When I was 25, I lived with three young women in a beautiful old Victorian house in mid-Cambridge. One of my roommates was a woman I’m going to call Jen. Jen was four years older than me and one of those rare people who was probably born responsible. She set the timer on the coffeemaker every night before she went to bed, woke at 6:30am every weekday morning, and had a steaming hot cup of coffee waiting in the pot by the time she was dressed at 6:50am. She wore button-downs and khakis or simple t-shirts and knee-length skirts every work day and sports sweatshirts and beat up pajama bottoms every weekend. Jen made sure we had toilet paper and paper towels and did her laundry every Sunday night like clockwork.
Jen was a loyal friend and a family girl, through and through. She often attended Saturday night Irish dances with her octogenarian grandparents. She was in the marching band in high school and went on to get a degree in a science-based field from a large state university. She watched cheesy movies from the 80s and 90s and spent some weekends binging on Lifetime movies or romantic comedies. She longed for a boyfriend but could be awkward and overly eager when flirting which seemed to petrify the men she talked to at the bar. She was a Red Sox fanatic who wore man-sized versions of her favorite players’ jerseys to Fenway Park.
These are all objective observations of Jen based on my four years of living with her. I have been deliberate in my recollection because I am striving to report facts about Jen, rather than impressions or interpretations of her behavior.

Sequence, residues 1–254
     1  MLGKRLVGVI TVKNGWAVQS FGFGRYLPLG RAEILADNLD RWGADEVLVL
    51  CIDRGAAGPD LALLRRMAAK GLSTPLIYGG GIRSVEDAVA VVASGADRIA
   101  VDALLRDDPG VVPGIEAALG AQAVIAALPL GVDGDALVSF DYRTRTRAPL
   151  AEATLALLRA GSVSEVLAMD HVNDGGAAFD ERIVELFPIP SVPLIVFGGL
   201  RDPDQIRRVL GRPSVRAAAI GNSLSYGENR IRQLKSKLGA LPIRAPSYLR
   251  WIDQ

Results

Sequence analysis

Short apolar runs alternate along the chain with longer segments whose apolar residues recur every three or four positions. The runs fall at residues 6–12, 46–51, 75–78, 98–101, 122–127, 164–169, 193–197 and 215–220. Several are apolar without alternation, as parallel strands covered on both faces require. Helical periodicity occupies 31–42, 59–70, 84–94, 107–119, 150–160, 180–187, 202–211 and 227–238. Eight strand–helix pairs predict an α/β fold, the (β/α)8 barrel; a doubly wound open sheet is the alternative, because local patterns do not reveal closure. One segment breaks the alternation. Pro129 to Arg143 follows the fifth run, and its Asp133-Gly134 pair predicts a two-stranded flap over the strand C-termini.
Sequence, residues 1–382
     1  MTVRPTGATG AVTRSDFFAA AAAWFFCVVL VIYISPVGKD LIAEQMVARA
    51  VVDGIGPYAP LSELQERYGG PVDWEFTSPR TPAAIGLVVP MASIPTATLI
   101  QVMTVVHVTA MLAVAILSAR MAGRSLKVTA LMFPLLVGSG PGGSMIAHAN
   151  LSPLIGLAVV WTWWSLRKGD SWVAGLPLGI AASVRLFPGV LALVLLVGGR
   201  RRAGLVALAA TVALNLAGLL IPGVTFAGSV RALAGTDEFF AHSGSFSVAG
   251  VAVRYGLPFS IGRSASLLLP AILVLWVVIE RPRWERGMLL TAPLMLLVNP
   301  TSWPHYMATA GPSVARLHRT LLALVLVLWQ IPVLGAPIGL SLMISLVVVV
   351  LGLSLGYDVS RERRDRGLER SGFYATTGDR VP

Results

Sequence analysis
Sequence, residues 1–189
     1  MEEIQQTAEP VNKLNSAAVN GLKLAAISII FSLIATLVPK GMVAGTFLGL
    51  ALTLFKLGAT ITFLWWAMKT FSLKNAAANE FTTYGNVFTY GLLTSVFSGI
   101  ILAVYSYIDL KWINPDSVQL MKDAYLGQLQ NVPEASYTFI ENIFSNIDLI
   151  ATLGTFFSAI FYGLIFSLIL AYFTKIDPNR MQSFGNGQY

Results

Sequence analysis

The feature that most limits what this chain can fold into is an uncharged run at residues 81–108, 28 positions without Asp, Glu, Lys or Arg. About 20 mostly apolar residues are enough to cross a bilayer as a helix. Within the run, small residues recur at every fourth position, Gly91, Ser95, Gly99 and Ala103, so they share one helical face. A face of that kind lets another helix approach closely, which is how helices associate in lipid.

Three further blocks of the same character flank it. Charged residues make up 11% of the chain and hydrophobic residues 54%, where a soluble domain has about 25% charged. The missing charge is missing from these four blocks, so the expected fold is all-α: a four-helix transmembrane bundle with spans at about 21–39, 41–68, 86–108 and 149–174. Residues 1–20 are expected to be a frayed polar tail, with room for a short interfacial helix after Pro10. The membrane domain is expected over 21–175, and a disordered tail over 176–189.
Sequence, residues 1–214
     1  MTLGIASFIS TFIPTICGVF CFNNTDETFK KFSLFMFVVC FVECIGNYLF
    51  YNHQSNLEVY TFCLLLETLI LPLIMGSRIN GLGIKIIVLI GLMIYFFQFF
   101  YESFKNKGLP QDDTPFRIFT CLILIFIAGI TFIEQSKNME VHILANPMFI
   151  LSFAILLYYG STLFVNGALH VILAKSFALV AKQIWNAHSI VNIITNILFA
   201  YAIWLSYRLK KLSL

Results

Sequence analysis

The reason for this methodological care is because Jen has a COMPLETELY different memory of herself from the time she lived in that shared rooming situation in Cambridge. She moved out to the middle of nowhere (kept vague intentionally) to lead a work project and hooked up with a guy on her crew eight years younger than her. A year later, they were engaged to be married.
By that time, she had been living in a small town for over a year, and the “How We Met” section of her wedding website described the story of an “on-the-town City girl” falling for a “simple Country boy.” I read with fascination as I realized that Jen had made herself a heroine from a romantic comedy. You know, the one where the harried and sophisticated urban woman learns life’s most important lessons thanks to the love of a gentle and down-to-earth rural guy (who is likely a cowboy, farmer, etc).
I understand the need to frame our experiences as narratives: ordering our lives as if they are sequential events that lead to a conclusion provides a comforting rationale for why things happen. I get the longing to be the hero in your own story, described eloquently by my friend Molly here. When I read Jen’s wedding website, that overt desire didn’t stick out to me at all.
I was taken instead by how Jen’s description of herself seemed so far removed from the person I had known for four years. In no way could she ever have been described as an “on-the-town City girl.” She hated dressing up to go out, preferring to meet up for an after-work drink and being home by 10pm at the latest. When she described the epicurean hardships of life in a small town with only pizza and burgers for food options, I flashed on images of Jen making Hamburger Helper for dinner, ordering pizza regularly, and picking bars that specialized in burgers and beer when asked to choose a restaurant. She now has four children and her Facebook is littered with reminisces about her “single days in the City.”